This has seen the creation of data privacy laws, such as the EU’s GDPR, and entities, such With that said, here are some key actions your company and agents should be taking in order to improve this crucial customer service metric.

Put effort into building a survey

Forrester points out that a simple score can mask complex emotions about customer service experiences. Along with generating a concrete number, it is also equally important to compose the right questions in order to obtain the answers that matter most to your company. However, you should not expect that customers would want to spend more than a moment responding to your survey. A simple two-question survey may seem too short, but keeping it brief optimises this customer service metric

Use multiple channels for customer contact

Telephone communication is not the only factor in calculating customer effort scores. Research shows that although the phone is still dominant, 18-34 year-olds are leading the way with increasing usage of everything from live text chat and social networks to video calls. To be truly customer focused, you must go where your customers are. Meet customers on multiple support channels such as social media support, email, chat, and in-person support centres, in addition to your tried-and-true contact centres. But don’t stop there…

Include self-service options

Resources such as FAQS, bots, intelligent Interactive voice response (IVR) or any automated task management platform are useful for inbound support calls because it makes it easier for the customer to get their question answered. More to the point, these options help reduce customer effort without needing to wait for an agent to become available. Making the effort to provide self-service options is an absolutely indispensable part of maintaining a satisfied customer base.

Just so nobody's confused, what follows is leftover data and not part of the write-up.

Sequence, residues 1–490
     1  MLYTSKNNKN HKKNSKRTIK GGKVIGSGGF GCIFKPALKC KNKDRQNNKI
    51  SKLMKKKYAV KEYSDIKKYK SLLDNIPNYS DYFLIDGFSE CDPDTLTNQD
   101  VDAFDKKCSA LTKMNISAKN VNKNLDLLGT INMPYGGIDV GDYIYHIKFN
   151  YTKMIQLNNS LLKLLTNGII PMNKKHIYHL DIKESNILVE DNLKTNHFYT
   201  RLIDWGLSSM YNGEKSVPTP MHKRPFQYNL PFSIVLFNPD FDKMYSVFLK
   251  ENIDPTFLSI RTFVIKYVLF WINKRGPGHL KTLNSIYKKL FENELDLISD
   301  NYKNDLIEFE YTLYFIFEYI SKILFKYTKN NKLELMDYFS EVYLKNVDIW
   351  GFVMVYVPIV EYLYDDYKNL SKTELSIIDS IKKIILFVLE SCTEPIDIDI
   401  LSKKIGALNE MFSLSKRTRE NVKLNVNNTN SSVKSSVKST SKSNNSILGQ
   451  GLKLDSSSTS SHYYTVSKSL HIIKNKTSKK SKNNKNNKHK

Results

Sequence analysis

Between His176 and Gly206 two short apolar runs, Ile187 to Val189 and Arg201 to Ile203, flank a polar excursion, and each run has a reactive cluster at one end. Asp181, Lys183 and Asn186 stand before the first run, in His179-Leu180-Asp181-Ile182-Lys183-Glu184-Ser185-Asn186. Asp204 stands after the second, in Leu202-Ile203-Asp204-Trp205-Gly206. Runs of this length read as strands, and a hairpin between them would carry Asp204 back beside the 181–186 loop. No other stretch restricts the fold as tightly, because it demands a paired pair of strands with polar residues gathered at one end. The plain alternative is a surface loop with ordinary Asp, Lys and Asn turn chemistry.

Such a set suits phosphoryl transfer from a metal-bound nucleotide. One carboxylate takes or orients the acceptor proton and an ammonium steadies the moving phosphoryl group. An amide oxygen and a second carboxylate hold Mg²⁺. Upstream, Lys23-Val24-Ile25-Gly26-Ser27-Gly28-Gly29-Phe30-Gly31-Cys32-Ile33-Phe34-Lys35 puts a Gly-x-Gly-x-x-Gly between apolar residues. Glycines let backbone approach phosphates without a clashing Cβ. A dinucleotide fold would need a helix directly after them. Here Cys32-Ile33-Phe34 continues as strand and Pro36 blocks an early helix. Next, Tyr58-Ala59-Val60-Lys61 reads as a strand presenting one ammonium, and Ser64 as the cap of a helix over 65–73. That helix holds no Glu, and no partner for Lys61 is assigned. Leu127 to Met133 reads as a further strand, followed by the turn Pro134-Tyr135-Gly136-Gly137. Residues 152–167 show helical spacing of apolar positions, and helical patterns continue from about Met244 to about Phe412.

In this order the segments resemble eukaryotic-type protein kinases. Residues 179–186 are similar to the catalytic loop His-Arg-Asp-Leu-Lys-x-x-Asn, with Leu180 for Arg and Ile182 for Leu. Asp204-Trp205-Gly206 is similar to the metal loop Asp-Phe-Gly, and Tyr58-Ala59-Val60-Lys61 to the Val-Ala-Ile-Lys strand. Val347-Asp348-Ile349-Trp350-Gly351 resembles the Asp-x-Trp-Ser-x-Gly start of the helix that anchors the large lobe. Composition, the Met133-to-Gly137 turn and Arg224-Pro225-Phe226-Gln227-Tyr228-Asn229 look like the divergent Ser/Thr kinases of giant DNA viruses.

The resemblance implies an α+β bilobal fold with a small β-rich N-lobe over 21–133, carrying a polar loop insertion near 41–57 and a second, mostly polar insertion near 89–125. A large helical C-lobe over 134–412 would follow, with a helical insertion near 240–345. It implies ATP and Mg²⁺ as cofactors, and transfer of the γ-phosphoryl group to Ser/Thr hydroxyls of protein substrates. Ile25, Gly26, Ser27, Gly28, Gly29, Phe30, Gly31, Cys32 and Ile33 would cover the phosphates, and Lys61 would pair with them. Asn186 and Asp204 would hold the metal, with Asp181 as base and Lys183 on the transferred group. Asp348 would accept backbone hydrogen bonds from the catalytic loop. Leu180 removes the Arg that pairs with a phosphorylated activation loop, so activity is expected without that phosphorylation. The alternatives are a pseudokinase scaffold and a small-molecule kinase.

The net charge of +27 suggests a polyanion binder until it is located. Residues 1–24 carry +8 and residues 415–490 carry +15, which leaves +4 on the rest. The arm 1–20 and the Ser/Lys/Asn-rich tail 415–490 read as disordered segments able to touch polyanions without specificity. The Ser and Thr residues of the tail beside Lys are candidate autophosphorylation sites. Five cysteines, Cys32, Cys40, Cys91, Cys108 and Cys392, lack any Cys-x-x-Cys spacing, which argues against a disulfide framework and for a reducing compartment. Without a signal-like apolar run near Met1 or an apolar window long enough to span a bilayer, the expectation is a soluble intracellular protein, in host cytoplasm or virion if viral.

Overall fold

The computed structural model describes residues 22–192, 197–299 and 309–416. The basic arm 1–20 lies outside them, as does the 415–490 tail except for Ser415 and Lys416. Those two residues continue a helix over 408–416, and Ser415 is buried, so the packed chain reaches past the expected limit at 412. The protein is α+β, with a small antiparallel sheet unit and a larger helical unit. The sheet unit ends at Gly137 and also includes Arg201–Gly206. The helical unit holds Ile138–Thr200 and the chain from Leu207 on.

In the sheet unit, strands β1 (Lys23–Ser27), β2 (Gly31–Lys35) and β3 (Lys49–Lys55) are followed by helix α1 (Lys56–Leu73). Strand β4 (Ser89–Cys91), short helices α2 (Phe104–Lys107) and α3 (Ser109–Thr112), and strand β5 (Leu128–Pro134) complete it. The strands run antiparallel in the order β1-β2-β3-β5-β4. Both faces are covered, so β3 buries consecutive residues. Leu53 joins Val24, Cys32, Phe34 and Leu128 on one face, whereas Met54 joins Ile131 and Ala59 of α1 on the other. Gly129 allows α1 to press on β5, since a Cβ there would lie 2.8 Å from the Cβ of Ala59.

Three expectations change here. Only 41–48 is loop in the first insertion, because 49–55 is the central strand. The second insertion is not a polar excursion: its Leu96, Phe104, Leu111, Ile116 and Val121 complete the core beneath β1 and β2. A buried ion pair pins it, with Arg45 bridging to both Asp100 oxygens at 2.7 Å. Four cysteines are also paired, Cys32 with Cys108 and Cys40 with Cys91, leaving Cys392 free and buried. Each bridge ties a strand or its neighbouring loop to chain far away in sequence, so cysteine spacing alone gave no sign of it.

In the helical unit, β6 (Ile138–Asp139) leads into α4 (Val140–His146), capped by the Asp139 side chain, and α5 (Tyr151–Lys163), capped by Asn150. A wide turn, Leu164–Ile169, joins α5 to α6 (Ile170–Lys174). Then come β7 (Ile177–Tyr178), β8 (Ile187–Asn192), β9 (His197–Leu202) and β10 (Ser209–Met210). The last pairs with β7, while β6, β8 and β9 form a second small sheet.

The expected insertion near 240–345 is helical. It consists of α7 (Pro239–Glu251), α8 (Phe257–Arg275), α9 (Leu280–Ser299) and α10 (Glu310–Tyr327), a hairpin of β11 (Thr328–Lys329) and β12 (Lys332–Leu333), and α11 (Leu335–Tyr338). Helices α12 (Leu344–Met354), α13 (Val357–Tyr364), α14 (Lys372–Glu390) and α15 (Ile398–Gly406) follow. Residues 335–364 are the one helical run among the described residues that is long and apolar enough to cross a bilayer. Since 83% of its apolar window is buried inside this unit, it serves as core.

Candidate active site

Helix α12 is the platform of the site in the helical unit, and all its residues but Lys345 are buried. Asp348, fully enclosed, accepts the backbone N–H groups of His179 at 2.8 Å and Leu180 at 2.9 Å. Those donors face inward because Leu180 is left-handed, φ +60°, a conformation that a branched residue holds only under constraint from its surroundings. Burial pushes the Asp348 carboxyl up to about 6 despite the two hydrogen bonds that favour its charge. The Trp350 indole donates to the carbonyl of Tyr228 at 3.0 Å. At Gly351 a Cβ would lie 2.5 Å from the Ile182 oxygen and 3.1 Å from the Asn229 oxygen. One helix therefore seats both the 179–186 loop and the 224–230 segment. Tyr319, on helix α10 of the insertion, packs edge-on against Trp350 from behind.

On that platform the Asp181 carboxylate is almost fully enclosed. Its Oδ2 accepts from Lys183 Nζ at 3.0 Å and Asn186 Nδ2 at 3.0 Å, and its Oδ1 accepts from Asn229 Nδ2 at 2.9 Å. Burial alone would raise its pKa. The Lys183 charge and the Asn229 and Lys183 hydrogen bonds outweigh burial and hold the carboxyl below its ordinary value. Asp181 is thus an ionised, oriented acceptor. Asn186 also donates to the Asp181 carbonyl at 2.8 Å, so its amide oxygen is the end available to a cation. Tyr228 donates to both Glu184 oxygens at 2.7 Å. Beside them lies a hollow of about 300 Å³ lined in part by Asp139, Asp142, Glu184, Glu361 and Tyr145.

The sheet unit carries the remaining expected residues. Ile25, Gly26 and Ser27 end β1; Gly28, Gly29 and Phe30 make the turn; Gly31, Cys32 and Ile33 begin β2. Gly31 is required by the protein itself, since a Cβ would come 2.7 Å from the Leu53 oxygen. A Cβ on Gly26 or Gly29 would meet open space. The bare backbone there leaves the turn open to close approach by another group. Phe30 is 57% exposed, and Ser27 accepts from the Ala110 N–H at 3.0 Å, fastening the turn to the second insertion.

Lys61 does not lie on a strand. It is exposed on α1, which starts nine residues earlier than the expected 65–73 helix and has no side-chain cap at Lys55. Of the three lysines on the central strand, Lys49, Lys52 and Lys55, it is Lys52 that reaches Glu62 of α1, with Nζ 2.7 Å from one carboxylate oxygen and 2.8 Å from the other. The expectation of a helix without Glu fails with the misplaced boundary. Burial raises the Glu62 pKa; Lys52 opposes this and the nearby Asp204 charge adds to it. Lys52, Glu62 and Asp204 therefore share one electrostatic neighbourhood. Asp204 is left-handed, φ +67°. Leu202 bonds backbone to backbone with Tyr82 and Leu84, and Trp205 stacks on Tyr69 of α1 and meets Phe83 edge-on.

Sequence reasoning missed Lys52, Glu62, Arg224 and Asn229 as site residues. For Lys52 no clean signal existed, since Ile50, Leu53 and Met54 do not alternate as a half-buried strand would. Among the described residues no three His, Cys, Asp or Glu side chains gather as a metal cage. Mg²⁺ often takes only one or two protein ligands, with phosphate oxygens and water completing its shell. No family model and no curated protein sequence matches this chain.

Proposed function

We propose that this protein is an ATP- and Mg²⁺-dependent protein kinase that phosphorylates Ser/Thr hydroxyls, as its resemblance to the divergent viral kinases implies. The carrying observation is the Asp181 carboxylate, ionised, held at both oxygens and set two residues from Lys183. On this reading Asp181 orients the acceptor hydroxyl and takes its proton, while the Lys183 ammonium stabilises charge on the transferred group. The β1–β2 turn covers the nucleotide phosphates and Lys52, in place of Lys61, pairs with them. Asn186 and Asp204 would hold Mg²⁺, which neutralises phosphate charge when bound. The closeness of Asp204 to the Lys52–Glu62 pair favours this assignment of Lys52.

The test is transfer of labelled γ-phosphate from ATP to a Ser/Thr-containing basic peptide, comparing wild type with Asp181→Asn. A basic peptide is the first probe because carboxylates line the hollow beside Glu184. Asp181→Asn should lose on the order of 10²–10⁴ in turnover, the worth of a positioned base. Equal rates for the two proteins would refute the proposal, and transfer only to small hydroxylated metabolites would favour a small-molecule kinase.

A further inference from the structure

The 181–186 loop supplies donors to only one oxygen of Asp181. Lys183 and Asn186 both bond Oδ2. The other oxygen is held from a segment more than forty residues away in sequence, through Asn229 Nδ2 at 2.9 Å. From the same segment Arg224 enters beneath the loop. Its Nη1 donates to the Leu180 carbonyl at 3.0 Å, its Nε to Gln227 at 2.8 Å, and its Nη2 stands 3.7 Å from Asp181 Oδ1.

Ditch the scripts

For those that do prefer the telephone, there is nothing more gratifying for a customer than connecting with another human being who understands their problem and has the tools to help. Contact centre scripts can be a pain point for all involved; they reduce the chance of a connection being made, as agents can sound stiff and unnatural in delivery. Monitoring and prompting agents to stay on script further compounds the problem, and can lead to empathy fatigue, burnout, and possible attrition. Displaying a little emotional intelligence goes a long way – 71% of customers stated that agent empathy fostered brand loyalty in a recent survey. The more you let an agent empathise freely with your customers, the greater the quality of help will be.

Last but not least: find a solution that will improve your customer service metrics

As you can see, there are a lot of different factors that go into the calculation of your customer effort score, and they can admittedly be difficult to monitor and keep track of. Having the right Contact Centre as a Service (CCaaS) solution can greatly assist in getting your customer effort score, as well as other customer service metrics, where you need them to be.

Need to boost your CES? Contact us.

Hervé Leroux
Chief Marketing Officer